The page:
South West demand grows for industrial and logistics space

November 17, 2011

Strong demand for industrial and logistics space of more than 50,000 sq ft in the South West reflected activity nationwide with UK take-up in the third quarter rebounding from 5.6m sq ft in Q2 to nearly 7m sq ft, according to DTZ Research’s Property Times UK Industrial report.  It was the highest quarterly level in the last 12 months with the manufacturing sector continuing to increase its share of take-up of industrial and logistics space.  In particular, take-up from the manufacturing sector has increased from 10% to 34% in the past year.

Despite the wider economic turmoil and a shortage of grade A stock, occupiers are continuing to make decisions about property, capitalising on the opportunity to acquire good space at a reasonable price in the face of hardening incentives.
The report found that prime stock is relatively scarce and in some regions is now in very short supply. New stock is only coming to the market in the form of pre-let or pre-sale schemes. These are now the prevalent method of securing new space in a difficult environment for new supply.
The report highlights that there was little change in the rental outlook in Q3, with average growth forecast of 1.4% pa throughout the 2011-15 period. Investment levels rose marginally in Q3, with investment in the Greater London and South East areas increasing from 31% in 2011 Q2 2011 to 54% of total invested stock in Q3 2011 – its highest level since 2001.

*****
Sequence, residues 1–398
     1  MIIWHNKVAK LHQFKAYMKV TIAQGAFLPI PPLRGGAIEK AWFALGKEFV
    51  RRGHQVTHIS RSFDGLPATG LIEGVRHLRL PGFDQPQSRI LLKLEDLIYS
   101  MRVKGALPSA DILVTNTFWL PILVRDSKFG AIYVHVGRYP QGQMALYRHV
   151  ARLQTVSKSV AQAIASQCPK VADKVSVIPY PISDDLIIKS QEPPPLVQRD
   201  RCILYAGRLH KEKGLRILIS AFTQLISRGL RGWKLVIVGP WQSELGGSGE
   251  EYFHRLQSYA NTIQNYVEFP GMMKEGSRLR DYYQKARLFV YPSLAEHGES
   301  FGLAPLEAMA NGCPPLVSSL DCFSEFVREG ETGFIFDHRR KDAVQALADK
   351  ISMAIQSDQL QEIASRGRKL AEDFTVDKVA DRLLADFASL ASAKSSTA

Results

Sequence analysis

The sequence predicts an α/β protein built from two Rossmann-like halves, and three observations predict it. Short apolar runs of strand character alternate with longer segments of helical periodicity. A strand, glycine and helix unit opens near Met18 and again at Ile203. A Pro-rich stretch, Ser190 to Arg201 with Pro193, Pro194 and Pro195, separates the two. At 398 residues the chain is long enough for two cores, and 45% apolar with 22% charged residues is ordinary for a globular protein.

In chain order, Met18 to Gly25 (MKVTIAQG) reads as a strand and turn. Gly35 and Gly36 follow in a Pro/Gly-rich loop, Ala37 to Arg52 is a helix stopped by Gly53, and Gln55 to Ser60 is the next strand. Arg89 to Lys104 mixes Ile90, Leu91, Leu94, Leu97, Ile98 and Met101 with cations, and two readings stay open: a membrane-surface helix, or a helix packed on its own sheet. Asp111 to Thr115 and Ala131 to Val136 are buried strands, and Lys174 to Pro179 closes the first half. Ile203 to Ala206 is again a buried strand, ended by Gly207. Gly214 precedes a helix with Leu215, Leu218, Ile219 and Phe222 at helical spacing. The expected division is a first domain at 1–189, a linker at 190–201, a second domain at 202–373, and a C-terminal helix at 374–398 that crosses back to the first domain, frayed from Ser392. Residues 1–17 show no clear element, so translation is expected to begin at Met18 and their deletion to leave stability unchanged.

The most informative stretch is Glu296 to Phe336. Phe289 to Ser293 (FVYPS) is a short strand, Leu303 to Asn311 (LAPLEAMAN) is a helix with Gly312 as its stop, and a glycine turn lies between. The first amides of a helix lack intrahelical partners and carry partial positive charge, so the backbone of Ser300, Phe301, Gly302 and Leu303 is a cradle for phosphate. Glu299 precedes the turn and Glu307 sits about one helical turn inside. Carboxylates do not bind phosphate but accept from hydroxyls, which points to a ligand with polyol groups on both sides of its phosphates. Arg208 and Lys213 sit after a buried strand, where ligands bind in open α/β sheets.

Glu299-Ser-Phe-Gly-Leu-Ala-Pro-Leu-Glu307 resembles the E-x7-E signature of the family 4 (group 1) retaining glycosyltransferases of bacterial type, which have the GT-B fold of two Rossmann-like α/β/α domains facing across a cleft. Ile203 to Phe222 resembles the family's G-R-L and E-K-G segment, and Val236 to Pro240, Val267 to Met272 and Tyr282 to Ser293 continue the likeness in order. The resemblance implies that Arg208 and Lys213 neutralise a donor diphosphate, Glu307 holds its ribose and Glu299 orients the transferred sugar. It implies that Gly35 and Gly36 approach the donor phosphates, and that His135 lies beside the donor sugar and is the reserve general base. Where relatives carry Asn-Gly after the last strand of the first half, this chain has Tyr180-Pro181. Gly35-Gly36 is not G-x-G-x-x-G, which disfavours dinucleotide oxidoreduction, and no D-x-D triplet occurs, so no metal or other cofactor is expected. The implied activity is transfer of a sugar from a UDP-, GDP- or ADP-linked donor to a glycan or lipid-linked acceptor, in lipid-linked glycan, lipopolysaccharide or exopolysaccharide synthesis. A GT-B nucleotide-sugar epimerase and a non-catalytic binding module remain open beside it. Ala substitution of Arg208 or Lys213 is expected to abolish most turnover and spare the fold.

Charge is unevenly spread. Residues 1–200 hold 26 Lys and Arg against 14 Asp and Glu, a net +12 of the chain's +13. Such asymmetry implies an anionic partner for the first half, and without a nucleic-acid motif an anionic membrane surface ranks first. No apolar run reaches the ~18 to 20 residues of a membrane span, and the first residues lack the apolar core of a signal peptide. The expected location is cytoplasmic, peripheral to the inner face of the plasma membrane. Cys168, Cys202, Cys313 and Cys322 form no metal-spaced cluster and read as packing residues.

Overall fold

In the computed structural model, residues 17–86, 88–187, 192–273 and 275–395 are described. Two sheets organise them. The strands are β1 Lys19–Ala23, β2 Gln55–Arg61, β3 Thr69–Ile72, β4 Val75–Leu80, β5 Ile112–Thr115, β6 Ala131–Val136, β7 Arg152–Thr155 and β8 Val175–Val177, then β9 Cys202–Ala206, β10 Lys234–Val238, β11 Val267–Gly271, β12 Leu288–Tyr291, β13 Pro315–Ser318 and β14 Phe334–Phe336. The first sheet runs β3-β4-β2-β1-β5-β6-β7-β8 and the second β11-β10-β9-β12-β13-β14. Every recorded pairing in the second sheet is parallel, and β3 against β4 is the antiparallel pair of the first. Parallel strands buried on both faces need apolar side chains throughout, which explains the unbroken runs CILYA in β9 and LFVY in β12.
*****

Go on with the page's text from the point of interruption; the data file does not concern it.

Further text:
In the South West, activity was strong in Q3 2011 with 700,000 sq ft of space taken. The largest deal was by Welton, Bibby and Baron who took 300,000 sq ft in Westbury.
Simon Lloyd, DTZ's head of industrial and logistics, commented: “Bristol and the South West continues to have some of the lowest levels of availability of Grade A industrial space in the UK and has also experienced some significant recent transactions with companies such as Morrisons, Co-op, Chep and WH Malcolm all recently taking new space in the region. 
"It is clear that the dynamics of the region, such as transportation and access to population, are now well acknowledged, and it is likely that the trend of these recent transactions will continue. Whilst it is too early to envisage a return to speculative construction, this is a topic which will be rising up the agenda of development companies, and which in turn will provide a much needed supply of buildings for expanding companies.”
Commenting on the nationwide picture, he said: “It is great to see more demand from manufacturing companies, much of which is fuelled by the automotive and precision engineering sectors However, as a result of the wider economic turmoil, occupiers remain cautious, which is reflected in the reduced take up of larger buildings especially preleasing solutions which require more forward planning. However, the market is reaching an inflection point, where the continued shortage of space will increase the probability of rental growth in the near future, stimulating speculative development.”
Martin Davis, head of UK research at DTZ added: “Continuing economic uncertainty has been taking its toll on occupier demand, but underlying activity is still chipping away at the shrinking amount of speculative space available.  While the manufacturing sector is facing challenges in the immediate future, the fast changing retail environment could be a fertile source of demand for logistics property going forward.”
Pictured: Simon Lloyd, DTZ Head of Industrial & Logistics

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